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ND Highlights from Wednesday, Nov 17

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  • Melody
    Nonduality Highlights for Wednesday, November 17, 1999 ~~~~~~~~~~~~~~~~~~~~~~~~~~~~~~~~~~~~~~~~~~~~~~~~~~~~~~ Xan offered: Someone asked Ramana what he saw
    Message 1 of 1 , Nov 18 9:36 AM
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      Nonduality Highlights for Wednesday, November 17, 1999


      Xan offered:

      Someone asked Ramana what he saw when people came to him.
      He said, "Someone who doesn't know what he is."


      Skye wrote:
      I had just received the book you referred to in that post,
      from amazon.com and am looking forward to reading it now
      more than ever. There is a sense that this middle way is
      what i have a natural tendency to resonate with :-)

      Nagarjuna's Mulamadhyamakakarika. Oxford Univ. Press, 1995.
      (Very clear philosophical explanation of Nagarjuna's
      Treatise onthe Middle Way, in Western terms)

      This is an outstanding book, and has gotten very good reviews in Buddhist
      publications. It is extremely clear, and does a magnificent job of
      avoiding two common errors in interpreting Madhyamika: essentialism and

      I don't know whether academics would agree but i also
      find the middle way teachings, in those old monastery wood
      block translations of the ancient chinese masters by Charles
      Luk "The Transmission of the Mind Outside the Teachings"and
      "Ch'an and Zen Teaching" (if only he had lived to translate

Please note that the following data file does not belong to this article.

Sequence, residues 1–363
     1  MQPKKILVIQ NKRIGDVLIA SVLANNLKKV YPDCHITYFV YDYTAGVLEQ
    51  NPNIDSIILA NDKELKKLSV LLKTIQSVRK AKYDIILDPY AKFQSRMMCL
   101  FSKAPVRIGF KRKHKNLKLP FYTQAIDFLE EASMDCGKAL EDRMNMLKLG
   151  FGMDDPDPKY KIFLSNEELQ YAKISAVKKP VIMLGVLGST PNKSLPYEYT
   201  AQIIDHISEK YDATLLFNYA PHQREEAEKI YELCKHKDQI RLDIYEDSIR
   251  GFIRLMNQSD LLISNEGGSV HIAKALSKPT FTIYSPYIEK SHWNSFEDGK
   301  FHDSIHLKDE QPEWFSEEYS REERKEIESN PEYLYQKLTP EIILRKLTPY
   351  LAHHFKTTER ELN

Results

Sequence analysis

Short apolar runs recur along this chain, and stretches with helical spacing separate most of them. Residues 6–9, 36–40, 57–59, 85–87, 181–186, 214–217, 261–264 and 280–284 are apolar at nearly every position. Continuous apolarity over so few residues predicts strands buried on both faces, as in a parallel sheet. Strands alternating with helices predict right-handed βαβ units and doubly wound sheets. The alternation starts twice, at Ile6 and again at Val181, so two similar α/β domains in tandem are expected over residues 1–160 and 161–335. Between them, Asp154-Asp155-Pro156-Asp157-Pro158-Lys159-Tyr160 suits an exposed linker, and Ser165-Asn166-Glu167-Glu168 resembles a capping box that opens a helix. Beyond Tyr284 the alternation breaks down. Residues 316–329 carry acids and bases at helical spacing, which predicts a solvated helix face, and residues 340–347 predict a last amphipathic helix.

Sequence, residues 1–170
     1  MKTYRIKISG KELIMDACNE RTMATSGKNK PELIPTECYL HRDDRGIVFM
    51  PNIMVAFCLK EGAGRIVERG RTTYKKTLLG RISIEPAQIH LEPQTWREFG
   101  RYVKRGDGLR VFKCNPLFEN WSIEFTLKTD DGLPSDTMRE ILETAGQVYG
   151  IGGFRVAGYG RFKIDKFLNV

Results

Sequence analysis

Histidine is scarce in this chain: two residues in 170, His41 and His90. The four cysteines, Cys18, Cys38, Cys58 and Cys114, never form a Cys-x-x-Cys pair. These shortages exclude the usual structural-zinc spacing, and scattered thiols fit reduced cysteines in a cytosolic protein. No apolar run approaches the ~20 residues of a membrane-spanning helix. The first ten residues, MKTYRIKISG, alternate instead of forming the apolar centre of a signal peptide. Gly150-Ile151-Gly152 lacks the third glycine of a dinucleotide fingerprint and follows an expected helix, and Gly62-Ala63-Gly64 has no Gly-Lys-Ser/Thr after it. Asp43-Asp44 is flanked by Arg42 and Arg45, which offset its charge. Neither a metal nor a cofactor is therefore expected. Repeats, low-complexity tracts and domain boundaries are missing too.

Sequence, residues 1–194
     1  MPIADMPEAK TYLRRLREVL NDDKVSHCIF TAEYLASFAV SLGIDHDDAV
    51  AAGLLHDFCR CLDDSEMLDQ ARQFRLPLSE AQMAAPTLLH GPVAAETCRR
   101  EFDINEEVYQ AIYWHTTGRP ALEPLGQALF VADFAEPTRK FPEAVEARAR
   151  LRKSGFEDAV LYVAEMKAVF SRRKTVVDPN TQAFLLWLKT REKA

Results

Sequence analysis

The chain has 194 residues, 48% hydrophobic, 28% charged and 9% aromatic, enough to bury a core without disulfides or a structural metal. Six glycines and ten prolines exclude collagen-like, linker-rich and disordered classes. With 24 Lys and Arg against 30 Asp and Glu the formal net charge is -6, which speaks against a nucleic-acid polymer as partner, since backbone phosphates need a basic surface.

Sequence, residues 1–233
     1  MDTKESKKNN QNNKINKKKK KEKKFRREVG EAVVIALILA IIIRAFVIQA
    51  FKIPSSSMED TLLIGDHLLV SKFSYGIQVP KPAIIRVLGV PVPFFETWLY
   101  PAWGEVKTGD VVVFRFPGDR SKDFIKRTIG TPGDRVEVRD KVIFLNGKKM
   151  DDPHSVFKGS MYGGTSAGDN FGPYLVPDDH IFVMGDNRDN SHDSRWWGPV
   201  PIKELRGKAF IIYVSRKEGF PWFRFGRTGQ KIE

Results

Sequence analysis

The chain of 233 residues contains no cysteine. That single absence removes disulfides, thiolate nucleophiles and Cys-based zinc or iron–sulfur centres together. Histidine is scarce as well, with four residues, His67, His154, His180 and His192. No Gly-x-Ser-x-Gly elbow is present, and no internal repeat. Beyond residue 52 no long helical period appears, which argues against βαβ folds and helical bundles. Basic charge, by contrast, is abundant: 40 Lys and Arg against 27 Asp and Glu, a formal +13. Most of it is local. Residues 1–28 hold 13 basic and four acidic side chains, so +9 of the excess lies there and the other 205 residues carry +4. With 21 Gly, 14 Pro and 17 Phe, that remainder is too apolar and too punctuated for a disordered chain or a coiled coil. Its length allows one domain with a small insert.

them all). His dharma vocabulary is a marvel to behold.
      eg....The Master said both notions of the worldly and the
      saintly are "obstructing gold"

      There is nothing special about what i do each day,
      I only keep myself in harmony with it (surroundings),
      Everywhere i neither accept nor reject anything,
      Nowhere do i confirm or refute a thing.
      When mindless of surroundings there is no need for Ch'an

      greg: Many interpreters of Nagarjuna mistake his verses
      about existence to mean that *there is* a transcendent
      Reality behind samsara.

      skye: Or that there *is not*.
      As you say "the only way to stay clear is the Middle Way".
      It is this which silences my thoughts! though this student
      is still only
      in the process of "developing a mind that does not abide
      anywhere". Diligently walking within the void of all things
      which are not created, not annihilated, not impure, not
      not increasing and not decreasing.

      greg: Other interpreters mistake the verses about
      non-existence to mean that nothing exists in any way
      whatsoever. Garfield does a very good, very clear job of
      showing how either one of these errors also entails the
      opposite error as well, and that the only way to stay clear
      is the Middle Way.

      Plus the translation is graceful and the commentary simply
      worded (well, except for a few professional-philosophers'
      terms here and there).



      > I am a firm believer
      > in, "you are always in the right place at the right
      > time." If we
      > doze off or shut down that is also 'grist for the
      > mill' of transformation.
      > Grace is very efficient - nothing is wasted.

      Tim Harris:

      Good point xan. I believe that you are always at a
      place and a time (here/now) and the 'rightness' is the